Bob Kiley, the former Transport for London boss, recently spoke out about his alcoholism, admitting that he often drank vodka in the afternoon, but arguing that his drinking habit did not affect his work.
However, according to a survey by counselling service provider Employee Advisory Resource (EAR), one-third of employers say they don’t have any support structure for staff who have difficulties with alcohol.
On average, says EAR, one in 10 employees has an alcohol problem, yet many employers may not know how to provide appropriate intervention and support to an addicted employee.
EAR’s clinical director Dirk Hansen suggests that if an employee’s performance is compromised, then the employer should intervene.
“If a drinking problem is suspected, based on evidence at work, then that employee should be offered referral to occupational health, a GP, an employee assistance programme, or specialised in-patient or outpatient treatment,” he advises.
Hansen says that one of the primary detectors of alcoholism abuse is when the employee is no longer able to manage their life due to a clear dependency on alcohol. Signs of this could be arriving late for work, needing to leave early, absence, poor performance, or delays in completing projects.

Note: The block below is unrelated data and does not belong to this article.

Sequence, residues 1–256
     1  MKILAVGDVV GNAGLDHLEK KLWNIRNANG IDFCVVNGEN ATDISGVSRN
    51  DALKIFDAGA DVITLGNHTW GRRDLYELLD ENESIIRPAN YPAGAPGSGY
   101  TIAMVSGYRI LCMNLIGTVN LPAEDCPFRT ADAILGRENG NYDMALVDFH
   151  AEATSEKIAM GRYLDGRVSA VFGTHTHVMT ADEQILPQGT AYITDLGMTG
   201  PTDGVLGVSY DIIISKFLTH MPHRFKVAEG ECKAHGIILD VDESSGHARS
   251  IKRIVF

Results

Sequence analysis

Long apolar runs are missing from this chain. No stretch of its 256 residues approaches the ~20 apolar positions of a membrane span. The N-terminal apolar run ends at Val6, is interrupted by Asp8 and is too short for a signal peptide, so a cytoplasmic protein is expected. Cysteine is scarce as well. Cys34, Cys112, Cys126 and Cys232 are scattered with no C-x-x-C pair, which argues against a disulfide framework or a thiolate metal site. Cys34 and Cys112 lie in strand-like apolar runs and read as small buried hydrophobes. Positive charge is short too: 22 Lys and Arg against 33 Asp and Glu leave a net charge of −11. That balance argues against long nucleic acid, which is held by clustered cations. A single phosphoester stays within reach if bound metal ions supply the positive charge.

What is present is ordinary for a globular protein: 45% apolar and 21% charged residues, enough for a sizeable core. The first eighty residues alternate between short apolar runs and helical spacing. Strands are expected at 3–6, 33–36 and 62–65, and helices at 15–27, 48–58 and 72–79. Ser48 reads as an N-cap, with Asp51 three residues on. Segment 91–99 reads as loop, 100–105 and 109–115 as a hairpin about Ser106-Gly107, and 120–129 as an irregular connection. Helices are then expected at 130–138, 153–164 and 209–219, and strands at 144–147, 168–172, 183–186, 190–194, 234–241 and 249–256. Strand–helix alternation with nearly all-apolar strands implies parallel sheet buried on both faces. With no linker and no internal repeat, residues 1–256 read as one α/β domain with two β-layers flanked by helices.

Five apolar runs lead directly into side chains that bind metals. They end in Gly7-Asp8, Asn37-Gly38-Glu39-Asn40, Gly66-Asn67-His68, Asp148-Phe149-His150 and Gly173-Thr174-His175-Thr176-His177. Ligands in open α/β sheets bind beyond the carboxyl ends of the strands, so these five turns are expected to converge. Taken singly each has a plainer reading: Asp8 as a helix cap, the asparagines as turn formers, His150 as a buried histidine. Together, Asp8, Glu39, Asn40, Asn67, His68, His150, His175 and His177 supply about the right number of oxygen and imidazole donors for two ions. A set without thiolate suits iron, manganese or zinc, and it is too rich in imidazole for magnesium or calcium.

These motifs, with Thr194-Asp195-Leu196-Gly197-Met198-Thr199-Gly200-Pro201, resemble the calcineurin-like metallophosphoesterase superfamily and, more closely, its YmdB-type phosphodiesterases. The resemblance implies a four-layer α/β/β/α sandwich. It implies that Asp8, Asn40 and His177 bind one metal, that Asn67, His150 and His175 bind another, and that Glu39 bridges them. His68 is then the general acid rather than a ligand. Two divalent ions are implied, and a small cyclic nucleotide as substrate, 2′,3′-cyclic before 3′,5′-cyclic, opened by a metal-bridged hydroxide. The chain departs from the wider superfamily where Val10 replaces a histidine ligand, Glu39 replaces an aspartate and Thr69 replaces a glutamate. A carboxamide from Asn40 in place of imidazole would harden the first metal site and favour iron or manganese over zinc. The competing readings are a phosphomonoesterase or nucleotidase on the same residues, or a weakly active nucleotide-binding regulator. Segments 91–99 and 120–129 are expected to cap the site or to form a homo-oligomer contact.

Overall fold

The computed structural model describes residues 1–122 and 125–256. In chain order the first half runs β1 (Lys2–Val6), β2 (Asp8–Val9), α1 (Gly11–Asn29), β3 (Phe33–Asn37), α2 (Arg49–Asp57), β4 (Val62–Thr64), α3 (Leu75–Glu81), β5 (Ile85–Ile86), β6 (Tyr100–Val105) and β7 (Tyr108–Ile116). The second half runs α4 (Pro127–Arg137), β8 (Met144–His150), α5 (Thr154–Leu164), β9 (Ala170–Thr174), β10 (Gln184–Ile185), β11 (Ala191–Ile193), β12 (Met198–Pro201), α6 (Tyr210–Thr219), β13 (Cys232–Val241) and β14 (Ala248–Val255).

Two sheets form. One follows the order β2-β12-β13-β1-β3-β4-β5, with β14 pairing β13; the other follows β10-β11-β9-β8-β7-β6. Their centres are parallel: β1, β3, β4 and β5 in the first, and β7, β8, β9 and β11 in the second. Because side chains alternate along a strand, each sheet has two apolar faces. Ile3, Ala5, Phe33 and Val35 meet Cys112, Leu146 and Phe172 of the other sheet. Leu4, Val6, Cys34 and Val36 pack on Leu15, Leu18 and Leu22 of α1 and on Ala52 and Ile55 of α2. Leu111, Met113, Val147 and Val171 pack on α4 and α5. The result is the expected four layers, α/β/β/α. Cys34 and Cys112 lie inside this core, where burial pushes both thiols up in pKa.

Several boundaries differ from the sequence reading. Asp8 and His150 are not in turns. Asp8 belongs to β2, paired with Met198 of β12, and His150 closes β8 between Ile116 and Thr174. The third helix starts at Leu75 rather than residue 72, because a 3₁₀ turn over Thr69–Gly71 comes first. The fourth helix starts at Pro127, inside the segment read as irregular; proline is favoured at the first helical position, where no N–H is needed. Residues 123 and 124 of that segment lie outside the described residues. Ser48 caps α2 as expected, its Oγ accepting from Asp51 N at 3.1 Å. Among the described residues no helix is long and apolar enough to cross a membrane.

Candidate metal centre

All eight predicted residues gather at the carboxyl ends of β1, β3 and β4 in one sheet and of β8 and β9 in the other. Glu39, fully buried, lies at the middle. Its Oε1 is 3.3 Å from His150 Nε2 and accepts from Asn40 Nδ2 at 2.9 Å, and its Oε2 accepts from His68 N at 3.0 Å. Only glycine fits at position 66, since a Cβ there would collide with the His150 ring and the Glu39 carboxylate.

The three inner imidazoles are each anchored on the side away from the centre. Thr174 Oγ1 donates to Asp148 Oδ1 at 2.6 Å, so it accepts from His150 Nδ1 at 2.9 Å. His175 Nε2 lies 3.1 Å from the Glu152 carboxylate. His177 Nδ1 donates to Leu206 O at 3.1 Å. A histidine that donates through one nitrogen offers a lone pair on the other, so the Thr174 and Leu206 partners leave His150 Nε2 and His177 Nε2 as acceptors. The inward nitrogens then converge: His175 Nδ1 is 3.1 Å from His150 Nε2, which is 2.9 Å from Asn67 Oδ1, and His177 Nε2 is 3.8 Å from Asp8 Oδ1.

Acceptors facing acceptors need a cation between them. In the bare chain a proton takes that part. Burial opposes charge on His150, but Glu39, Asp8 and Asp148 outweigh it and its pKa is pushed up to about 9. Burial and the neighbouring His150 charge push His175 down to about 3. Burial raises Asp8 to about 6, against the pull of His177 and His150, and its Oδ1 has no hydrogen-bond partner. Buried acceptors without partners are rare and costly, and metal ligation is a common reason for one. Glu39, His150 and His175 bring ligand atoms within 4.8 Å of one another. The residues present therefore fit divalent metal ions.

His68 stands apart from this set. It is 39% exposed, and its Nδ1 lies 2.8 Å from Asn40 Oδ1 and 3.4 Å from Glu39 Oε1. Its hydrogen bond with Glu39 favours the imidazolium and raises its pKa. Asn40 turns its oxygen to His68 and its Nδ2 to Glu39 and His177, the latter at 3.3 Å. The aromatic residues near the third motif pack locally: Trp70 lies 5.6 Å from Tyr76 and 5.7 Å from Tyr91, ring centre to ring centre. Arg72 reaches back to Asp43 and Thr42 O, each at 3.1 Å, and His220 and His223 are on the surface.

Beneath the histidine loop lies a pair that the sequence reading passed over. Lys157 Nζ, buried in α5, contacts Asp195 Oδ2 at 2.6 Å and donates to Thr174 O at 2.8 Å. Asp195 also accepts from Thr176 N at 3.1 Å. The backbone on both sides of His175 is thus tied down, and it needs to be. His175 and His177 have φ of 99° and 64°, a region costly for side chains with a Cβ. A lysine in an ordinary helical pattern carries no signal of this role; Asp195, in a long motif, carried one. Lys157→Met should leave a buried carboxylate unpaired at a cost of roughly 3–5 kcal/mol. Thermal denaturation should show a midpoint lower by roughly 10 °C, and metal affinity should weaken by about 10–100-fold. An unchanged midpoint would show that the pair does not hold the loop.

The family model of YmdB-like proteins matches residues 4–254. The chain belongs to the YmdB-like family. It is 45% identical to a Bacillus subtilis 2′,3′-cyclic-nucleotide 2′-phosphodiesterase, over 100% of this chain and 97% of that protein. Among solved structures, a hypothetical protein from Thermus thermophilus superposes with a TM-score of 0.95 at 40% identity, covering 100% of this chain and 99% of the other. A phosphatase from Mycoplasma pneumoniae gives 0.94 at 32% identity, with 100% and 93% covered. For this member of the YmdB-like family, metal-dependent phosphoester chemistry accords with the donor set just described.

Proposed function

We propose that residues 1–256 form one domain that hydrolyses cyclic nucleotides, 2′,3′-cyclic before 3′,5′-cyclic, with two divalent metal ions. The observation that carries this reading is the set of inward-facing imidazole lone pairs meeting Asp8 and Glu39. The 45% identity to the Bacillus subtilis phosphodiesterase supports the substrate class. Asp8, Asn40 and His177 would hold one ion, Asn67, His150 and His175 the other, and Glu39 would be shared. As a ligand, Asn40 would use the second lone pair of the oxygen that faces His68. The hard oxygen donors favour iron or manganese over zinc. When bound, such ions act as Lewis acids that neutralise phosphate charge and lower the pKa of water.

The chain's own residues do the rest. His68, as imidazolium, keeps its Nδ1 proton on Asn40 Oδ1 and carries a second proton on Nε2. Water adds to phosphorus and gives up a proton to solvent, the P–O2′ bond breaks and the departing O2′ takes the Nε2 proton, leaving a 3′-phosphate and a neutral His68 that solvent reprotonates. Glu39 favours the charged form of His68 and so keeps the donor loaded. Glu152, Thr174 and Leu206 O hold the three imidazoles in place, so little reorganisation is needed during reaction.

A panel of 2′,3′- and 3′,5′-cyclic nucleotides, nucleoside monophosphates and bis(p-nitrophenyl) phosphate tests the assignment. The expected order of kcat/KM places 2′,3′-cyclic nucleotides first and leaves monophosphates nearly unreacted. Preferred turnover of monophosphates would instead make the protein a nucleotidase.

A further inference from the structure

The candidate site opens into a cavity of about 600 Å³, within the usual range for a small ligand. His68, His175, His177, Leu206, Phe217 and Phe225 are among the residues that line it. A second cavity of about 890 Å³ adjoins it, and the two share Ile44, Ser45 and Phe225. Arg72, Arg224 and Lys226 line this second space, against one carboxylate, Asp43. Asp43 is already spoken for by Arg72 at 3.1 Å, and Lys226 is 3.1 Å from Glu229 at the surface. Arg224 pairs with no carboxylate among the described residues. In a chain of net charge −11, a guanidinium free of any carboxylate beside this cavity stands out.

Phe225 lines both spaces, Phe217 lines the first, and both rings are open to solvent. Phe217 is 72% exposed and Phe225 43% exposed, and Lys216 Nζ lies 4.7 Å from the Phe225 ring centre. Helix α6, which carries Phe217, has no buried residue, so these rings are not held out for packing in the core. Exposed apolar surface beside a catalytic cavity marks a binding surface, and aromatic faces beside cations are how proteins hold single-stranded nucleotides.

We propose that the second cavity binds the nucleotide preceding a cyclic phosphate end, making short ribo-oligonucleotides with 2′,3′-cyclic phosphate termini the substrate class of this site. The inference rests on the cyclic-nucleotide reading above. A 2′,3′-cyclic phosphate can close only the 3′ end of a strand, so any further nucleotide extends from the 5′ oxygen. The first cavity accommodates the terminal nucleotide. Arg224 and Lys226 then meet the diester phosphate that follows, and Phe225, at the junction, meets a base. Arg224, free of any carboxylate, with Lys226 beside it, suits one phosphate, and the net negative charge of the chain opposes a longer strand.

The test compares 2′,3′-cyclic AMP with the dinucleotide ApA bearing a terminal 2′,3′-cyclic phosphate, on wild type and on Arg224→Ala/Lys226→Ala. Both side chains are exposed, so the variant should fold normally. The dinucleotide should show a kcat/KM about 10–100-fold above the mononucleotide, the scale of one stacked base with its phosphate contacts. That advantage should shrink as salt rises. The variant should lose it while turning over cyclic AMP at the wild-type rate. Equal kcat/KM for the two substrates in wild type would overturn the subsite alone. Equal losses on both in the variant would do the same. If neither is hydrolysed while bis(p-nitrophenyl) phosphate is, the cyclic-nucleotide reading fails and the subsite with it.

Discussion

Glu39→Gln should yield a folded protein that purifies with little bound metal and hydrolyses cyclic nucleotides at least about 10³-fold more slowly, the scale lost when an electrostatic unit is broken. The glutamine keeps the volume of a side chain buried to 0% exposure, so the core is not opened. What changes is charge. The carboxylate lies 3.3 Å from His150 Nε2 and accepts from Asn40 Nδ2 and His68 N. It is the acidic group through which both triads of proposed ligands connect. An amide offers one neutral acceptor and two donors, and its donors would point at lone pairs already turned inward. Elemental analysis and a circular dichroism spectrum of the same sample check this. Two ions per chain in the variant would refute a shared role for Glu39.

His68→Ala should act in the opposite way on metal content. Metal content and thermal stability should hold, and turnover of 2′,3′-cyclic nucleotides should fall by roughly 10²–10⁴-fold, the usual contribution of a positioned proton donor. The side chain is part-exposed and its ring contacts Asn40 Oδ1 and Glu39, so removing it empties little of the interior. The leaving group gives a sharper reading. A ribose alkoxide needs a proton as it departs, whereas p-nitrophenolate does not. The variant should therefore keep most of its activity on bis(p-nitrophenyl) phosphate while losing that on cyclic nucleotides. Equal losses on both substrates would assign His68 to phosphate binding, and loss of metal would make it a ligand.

HR needs to raise awareness among employees of substance abuse policies so that staff are fully aware of the firm’s position.
However, Don Shenker, director of policy and services at Alcohol Concern, worries that too many employers who are confronted with evidence of alcohol misuse treat it as a disciplinary matter rather than a health problem.
This can be a difficult area, says Shenker, as while employers may be concerned about an employee’s wellbeing, there are issues of privacy to navigate. “Employees must have a sense that they won’t be penalised for admitting they have a drink problem,” Shenker says. “Bosses can be the key to encouraging their workers to seek help and advice.”
Professor of organisational psychology and health at Lancaster University Management School Cary Cooper advises that colleagues should not be afraid to address alcohol misuse issues.
“If someone suspects a colleague has a drink problem, they should talk to them and seek help from HR,” he says.
“Most organisations know when someone is an alcoholic, but a lot of people feel they shouldn’t interfere because it is personal or feel guilty about reporting a colleague.”
Managing alcohol problems
- Employees need to know the company’s position on alcohol use – what is considered acceptable behaviour and what is not.
- Base interventions on evidence at work, not on hearsay.
- HR’s role is not to police the personal lives of the employees, but if alcohol use is having an adverse impact in the workplace, then it is HR’s responsibility to intervene and offer support.
- Consider implementing a counselling service or employee assistance programme.
Tips from Dirk Hansen, clinical director, Employee Advisory Resource